Before social media came along and fucked it up for everyone, the online message boards were the place to be, and there was something for everyone. All sorts of different slices of culture and society carved out their own immaterial spaces, with endless posts about model trains or knitting or, inevitably, comic books.
For a significant chunk of the late '90s I was a CBR boy, all the way up to NEB fanfiction. There were other options like the Alvaro boards, but they didn't have the same personality. The scariest place was undoubtedly the Comics Journal board.
I came late to the Journal in any format, only coming on board a few years before they established a digital footprint, after finding a small pile of them in a strange magazine shop that was closing down. They were mean and snarky and full of the best comic interviews I'd ever read, with Joe Kubert, Grant Morrison, Frank Frazetta and the immortal Los Bros Hernandez all featured.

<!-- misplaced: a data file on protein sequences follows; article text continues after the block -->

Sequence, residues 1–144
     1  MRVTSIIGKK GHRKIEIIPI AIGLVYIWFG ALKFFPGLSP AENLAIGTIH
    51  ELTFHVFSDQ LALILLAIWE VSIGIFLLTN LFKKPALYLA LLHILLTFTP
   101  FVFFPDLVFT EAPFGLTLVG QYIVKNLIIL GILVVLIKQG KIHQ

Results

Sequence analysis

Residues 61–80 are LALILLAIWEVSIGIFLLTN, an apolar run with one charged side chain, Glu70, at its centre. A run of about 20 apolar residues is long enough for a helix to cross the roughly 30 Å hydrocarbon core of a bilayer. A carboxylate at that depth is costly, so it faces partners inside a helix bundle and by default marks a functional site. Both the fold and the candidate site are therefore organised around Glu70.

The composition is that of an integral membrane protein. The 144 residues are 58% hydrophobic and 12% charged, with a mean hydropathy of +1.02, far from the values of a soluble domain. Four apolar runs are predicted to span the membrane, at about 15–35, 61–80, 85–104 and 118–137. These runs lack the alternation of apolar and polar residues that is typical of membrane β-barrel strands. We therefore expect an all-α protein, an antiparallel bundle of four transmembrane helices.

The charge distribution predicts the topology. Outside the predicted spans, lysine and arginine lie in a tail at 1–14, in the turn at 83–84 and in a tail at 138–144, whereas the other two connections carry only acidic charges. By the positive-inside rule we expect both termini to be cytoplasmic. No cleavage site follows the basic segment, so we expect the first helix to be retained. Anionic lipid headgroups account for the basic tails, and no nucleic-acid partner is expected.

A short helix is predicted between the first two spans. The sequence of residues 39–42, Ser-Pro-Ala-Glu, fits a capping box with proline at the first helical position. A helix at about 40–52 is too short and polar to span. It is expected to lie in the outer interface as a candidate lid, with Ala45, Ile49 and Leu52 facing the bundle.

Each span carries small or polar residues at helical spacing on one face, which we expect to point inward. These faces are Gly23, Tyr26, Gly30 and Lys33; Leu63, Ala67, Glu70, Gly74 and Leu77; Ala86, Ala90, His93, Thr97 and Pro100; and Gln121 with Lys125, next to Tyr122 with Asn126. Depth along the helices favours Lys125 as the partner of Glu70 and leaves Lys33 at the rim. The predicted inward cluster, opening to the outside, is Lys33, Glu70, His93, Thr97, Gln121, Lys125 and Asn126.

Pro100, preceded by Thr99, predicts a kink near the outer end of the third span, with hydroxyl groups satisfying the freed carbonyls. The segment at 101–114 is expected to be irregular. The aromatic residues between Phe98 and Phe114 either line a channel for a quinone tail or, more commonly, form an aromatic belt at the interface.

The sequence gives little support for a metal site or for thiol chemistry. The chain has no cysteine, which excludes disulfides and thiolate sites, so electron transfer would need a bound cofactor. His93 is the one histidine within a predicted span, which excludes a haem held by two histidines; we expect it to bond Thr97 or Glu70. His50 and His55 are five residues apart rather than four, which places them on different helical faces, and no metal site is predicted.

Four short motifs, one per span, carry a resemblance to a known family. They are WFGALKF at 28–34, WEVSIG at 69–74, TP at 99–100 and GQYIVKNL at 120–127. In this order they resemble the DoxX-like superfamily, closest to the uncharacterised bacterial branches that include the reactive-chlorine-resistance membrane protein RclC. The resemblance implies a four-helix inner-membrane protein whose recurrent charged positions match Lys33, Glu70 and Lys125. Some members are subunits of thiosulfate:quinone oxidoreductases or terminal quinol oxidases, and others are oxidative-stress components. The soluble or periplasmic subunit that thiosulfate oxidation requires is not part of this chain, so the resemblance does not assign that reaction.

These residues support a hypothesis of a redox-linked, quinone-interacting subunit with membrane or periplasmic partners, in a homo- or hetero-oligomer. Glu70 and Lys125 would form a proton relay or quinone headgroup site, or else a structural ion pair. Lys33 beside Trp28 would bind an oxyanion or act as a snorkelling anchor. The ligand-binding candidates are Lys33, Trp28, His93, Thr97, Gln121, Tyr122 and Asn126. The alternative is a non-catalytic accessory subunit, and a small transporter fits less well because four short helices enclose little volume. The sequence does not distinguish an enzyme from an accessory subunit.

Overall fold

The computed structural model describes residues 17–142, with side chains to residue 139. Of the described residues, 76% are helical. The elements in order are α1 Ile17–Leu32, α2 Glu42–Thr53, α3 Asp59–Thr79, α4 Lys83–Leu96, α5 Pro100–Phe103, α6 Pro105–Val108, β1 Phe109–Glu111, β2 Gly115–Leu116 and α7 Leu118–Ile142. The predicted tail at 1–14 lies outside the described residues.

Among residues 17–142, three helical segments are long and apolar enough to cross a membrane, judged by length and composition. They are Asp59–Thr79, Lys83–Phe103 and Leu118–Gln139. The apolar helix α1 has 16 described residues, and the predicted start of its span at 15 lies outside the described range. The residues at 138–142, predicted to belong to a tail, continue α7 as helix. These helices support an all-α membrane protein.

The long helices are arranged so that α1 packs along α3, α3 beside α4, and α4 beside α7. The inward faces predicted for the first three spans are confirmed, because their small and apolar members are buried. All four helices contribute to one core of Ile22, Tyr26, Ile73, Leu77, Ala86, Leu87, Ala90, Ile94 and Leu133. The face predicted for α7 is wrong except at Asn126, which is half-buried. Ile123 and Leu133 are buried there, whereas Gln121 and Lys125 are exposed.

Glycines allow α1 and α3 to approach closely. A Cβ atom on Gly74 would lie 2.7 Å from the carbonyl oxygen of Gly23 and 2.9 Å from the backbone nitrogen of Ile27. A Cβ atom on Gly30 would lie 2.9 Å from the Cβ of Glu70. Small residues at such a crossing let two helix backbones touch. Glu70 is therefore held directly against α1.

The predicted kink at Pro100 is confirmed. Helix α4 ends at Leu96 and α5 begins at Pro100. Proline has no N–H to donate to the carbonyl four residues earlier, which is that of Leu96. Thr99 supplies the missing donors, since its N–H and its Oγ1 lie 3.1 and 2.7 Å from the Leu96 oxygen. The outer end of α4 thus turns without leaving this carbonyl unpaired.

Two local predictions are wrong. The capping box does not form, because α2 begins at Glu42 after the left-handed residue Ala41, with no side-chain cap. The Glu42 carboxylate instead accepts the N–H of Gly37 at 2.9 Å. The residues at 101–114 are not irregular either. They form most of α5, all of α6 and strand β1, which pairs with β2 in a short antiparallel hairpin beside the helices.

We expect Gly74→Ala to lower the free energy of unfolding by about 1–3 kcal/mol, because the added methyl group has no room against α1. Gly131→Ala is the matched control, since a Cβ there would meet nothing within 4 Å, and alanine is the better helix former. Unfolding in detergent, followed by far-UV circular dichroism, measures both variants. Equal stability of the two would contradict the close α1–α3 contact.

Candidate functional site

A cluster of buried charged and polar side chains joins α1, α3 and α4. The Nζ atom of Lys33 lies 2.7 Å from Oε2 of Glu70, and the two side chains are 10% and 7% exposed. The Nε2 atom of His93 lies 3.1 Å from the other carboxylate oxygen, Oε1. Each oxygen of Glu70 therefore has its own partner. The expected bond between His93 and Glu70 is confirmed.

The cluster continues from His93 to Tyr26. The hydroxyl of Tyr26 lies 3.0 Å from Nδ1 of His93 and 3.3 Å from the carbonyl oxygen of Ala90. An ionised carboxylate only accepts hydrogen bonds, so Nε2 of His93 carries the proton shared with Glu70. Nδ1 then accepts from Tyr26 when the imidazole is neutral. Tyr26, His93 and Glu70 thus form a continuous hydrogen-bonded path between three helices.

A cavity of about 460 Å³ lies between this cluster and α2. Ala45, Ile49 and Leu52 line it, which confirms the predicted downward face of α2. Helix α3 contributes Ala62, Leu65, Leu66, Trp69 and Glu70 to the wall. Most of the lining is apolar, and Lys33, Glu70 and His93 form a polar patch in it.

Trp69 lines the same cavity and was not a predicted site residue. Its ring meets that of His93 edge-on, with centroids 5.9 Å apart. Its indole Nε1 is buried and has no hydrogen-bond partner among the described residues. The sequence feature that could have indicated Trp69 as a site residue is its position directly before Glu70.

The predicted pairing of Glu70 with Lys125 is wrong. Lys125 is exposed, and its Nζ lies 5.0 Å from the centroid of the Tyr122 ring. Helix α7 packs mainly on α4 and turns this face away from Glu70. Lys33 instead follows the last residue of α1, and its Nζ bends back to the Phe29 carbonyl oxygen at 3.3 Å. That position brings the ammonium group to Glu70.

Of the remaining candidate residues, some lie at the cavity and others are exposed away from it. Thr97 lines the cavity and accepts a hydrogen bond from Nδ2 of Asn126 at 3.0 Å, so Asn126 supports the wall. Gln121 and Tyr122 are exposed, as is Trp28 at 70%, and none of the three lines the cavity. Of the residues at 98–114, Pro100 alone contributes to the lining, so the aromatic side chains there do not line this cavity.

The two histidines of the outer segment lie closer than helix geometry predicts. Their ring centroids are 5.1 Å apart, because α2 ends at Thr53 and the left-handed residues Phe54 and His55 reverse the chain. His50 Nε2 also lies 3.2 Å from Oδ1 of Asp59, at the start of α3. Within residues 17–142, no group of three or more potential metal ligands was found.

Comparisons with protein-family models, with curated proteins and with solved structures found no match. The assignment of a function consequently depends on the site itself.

Even though I was a total dork of the kind the Journal routinely sneered at, I lapped it all up and lurked on their very first message board. They were still way too cool for school, and I generally stayed at CBR.
But a couple of times I sucked up the courage to do a few posts at TCJ.com, wanting to talk about Love and Rockets, because it was as brilliant as ever, and nobody was talking about it. It never went far, because the only responses I ever got was that Jaime's art was too pretty and Beto was a shadow of his former self, neither of which ideas I agreed with in any way.
I still want to talk about new Love and Rockets because it is as
brilliant as ever, and nobody is talking about them, so I always write something every time a new issue comes out. Some things remain as cool as ever. And Jaime's art can never be too pretty.